Calvin & GRACE Cooke AND THE DETROIT SACRED STEEL ENSEMBLE performing as part of Ken Whiteley's SuNDAY GOSPEL BRUNCH with David Wall,George Koller and Pat Patrick at Hugh's Room (2261 Dundas West), Sunday (May 25), 2 pm. $15. 416-531-6604. Rating: NNNNN
Pedal Steel upstart Robert Randolph may be the most exciting thing to happen to sacred steel music since Willie Eason twanged his first ringing note at a Philadelphia church in the late 30s.Yet young Randolph might be playing drums now if not for Detroit's Calvin Cooke.
Most of what Randolph knows about the pedal steel - the tunings, the wah-wah and echo effects, the wild whoops - he picked up from his mentor, Cooke, known as the "B.B. King of sacred steel."
It's a fitting handle for Cooke, who not only shares King's style of vocal accompaniment - as can be heard on the Sacred Steel: Live! (Arhoolie) disc - but, like the ambassador of the blues, has also spent decades working to broaden the music's audience by taking it from the Pentecostal Church to the clubs.
Unlike the prolific King, however, Cooke has been criminally under-recorded. Despite his lofty status within the sacred steel community and numerous innovations (just about every church player was using a lap steel until Cooke came along with his 10-string MSA pedal steel in 74), Cooke has yet to release a single album. That may change soon, thanks to his prize student.
"Robert's been with me, learning how to play, for most of his life," explains Cooke from his Detroit home. "I've spent a lot of time with him, so I couldn't be happier when he called to tell me about his record deal.
"But when he said he wanted to produce an album for me and put it out on his new Dare label, man, I was really shocked. I did not expect he would come back and do that for me."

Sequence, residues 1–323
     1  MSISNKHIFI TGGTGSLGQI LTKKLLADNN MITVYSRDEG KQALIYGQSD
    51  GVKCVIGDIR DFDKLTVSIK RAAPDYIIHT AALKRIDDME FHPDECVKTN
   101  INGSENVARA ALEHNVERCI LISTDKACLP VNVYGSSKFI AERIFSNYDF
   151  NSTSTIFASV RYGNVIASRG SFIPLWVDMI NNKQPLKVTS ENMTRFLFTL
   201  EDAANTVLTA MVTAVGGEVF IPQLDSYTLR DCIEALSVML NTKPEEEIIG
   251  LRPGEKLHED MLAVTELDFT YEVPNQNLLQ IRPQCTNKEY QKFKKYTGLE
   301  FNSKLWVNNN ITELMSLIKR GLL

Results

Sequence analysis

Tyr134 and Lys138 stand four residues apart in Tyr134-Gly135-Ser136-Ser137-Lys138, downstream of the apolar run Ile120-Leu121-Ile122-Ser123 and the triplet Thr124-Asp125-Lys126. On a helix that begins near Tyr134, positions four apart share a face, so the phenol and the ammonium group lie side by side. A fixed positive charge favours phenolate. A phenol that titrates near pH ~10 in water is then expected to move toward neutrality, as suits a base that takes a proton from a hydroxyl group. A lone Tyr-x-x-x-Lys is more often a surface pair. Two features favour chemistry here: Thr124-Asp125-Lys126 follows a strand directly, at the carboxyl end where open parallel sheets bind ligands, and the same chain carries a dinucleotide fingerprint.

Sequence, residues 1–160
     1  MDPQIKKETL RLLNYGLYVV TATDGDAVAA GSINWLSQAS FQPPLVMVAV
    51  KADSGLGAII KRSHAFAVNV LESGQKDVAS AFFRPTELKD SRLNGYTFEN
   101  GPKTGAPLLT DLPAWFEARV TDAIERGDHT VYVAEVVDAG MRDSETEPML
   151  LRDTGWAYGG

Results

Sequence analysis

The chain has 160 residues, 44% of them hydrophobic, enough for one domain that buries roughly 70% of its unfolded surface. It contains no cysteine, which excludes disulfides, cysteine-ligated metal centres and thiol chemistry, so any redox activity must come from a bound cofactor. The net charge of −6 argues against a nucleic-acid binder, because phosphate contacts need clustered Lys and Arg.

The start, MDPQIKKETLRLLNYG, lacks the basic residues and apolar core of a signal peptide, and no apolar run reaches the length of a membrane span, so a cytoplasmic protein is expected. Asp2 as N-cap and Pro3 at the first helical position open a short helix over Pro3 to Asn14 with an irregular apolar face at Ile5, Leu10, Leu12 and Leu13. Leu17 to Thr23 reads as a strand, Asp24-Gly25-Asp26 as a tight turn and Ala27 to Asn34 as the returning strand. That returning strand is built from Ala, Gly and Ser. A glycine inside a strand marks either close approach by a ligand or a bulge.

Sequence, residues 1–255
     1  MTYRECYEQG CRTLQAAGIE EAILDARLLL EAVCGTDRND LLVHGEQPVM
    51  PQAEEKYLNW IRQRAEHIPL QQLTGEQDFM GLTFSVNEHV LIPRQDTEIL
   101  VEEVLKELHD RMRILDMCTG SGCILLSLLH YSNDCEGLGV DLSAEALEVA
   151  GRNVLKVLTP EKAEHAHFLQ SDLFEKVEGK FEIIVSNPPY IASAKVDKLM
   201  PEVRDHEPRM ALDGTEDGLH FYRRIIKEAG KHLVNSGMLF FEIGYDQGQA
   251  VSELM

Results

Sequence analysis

According to Cooke, the Randolph-produced album, Heaven, is now finished, mastered and ready to be released on Randolph's Warner-distributed Dare label, although he's not sure when it will be released - if ever.
"They've pushed back the release date twice now, and I've heard it might be out in June from one source, but someone else says August, so I don't know. I think it sounds real good, so hopefully it'll be out soon."
If Cooke is disheartened by the label difficulties he doesn't let it show. He's enjoying the newfound interest in sacred steel music too much to let his record release woes get him down.
"There was a time when I was the only pedal steel player at my church. Now there are four or five guys in weekly rotation. I have to book a Sunday months in advance if I want to play a service!"
A notable career highlight for Cooke was getting to jam with one of his country pedal steel heroes, Lloyd Green, on a recent trip to Nashville. Along with Green, Cooke cites Nashville cats like Ray Price's steel slinger, Jimmy Day, and Ernest Tubb's twanger, Jerry Byrd, as important influences, right up there with Steve Howe.
Yes, you read that right. Cooke has been a serious fan of Brit prog rock lords Yes since the early 70s.
"One of my cousins introduced me to the music of Yes, and I just loved it, particularly the sounds that Steve Howe and Chris Squire were getting. They were so very different from all the other rock groups I'd heard.
"I'd say Fragile is my favourite album, but I also have different tapes of their live performances that I really enjoy."